The Salem Cable Project

Technical Details

1-844-SALEMCABLE

Cables

National Grid’s existing S-145 cable system (installed in 1972) and T-146 cable system (installed in 1951) in Salem are nearing the end of their service lives and must be  updated to meet regional demand for electricity and  reliability. Due to age, both cable systems have experienced dielectric fluid releases in recent years, creating reliability, cost, and environmental concerns and causing service outages whenever National Grid workers have to conduct quick, temporary repairs, which have become increasingly difficult and expensive as the cables have aged.

Thus, beginning in January 2015, National Grid will construct two new 115 kV underground cables between the Salem Harbor and the Canal Street Substation, with as little impact on residents, businesses and visitors as possible. Providing safe and reliable service to our consumers in Salem and beyond remains our highest priority, and we look forward to working with you to complete this project with as little impact as possible..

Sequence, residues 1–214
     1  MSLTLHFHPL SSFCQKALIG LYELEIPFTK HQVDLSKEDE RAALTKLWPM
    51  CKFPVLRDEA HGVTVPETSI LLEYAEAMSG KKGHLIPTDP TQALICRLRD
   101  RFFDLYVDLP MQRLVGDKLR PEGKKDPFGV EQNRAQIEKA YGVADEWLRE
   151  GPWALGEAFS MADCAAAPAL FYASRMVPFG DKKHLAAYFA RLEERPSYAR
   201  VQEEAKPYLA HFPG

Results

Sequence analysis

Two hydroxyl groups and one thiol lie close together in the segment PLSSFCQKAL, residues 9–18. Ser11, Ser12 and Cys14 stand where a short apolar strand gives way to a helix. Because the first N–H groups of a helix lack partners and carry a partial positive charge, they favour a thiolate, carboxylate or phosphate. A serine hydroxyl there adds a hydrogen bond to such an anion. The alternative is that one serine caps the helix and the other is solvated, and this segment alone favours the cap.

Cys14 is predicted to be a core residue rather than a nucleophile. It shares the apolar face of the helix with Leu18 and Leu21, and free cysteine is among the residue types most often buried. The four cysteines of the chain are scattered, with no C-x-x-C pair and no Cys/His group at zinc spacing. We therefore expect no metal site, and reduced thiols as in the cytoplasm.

Construction

The new Salem cable system will be installed underground along approximately 1.63 miles of existing public ways between Salem Harbor and Canal Street Substations. The cables will be installed in a ductbank and manhole system.  The ductbanks will  be approximately four feet wide by five to eight feet deep.

In order to shorten the construction process as much as possible, different phases of ductbank and manhole installation may take place simultaneously at different sites. Dirt and debris displaced by the construction will be trucked away from the work area to reduce the size of each site and its effects on the local community and on traffic. At each site, street restoration will consist of a temporary patch following duct bank installation, followed by repairs or replacements as required by the Salem Department of Public Works ("DPW") and the Massachusetts Department of Transportation ("MassDOT").

Potential impacts from project construction will likely include temporary traffic congestion, construction noise, and sediment and dust generation. National Grid will make every effort to help minimize and mitigate potential temporary impacts from construction.

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